This blog post is about powering a new security camera (HAL-CAM 9001) using network cables. These could be cables already installed in an office or home environment, saving costs, or they could be new cables installed indoors or outdoors (using weather resistant cable).
This sub-project is part of the HAL-CAM 9001 project but it is generic enough to suit other scenarios too. It could be used to power a Raspberry Pi remotely for other tasks. Other single board computers (SBCs) can benefit from this project too.
HAL-CAM 9001 doesn’t have a lot of free space inside so this project was made to be ultra-compact; 2cm high and 6x5cm footprint. This project supplies 5V at up to 2.5A.
The schematic and PCB files are attached, ready to be sent to a board manufacturer.
What is PoE?
Power over Ethernet is one of these technologies that when you use it, you find you really need it. Over the years it has saved costs, copper, and provided a reliable and safe solution to providing energy to many diverse devices over Ethernet based local area network (LAN) connections.
At its debut, it was said that standards-compliant PoE was effectively one of the few worldwide standards for power so one could take a device and be assured it would work anywhere in the world, in contrast with the mains supply voltages and plug shapes which vary from country to country. And it doesn’t require an electrician to install!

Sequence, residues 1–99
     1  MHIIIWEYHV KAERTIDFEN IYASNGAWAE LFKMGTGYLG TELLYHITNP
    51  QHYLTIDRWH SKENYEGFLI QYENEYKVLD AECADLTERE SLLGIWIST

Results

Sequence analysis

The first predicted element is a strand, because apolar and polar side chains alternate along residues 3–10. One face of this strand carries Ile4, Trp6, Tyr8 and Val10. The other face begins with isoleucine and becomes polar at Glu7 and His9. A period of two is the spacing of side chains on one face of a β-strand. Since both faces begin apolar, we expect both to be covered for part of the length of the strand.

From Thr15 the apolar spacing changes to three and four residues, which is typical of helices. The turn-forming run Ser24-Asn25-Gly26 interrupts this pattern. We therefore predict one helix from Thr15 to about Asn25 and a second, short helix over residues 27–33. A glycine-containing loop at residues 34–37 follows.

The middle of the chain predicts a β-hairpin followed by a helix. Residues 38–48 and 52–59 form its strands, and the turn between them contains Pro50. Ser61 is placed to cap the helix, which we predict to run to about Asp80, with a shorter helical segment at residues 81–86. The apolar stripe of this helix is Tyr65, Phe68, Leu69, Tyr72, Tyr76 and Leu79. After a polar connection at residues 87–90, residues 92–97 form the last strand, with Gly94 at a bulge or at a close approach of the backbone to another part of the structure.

Part of the safety of PoE comes from the ability to automatically and electronically control the delivery of power. By default, the network connection has no substantial power capability enabled and is finger-safe. When the connected device requests power the far end will switch on the supply. Note: the equipment that can supply power is known as the Power Sourcing Equipment (PSE), and the device to be powered is the Powered Device (PD).
With the earlier standard (IEEE 802.3af) the request was as simple as having a 25k resistor across a couple of pins. If the resistor was present, then the far end would turn on the power. This solution provided about 13W of power to the PD. The later standard IEEE 802.3at nearly doubled this capability, to just over 25W of power. This later standard had a more complicated method of enabling power; the PD would provide a varying load over time in a special combination that would allow the PSE to detect that the PD was an 802.3at capable device and then supply up to one of four particular levels of power. Once this was achieved it was possible to signal information in Ethernet packets to further refine the power requirements.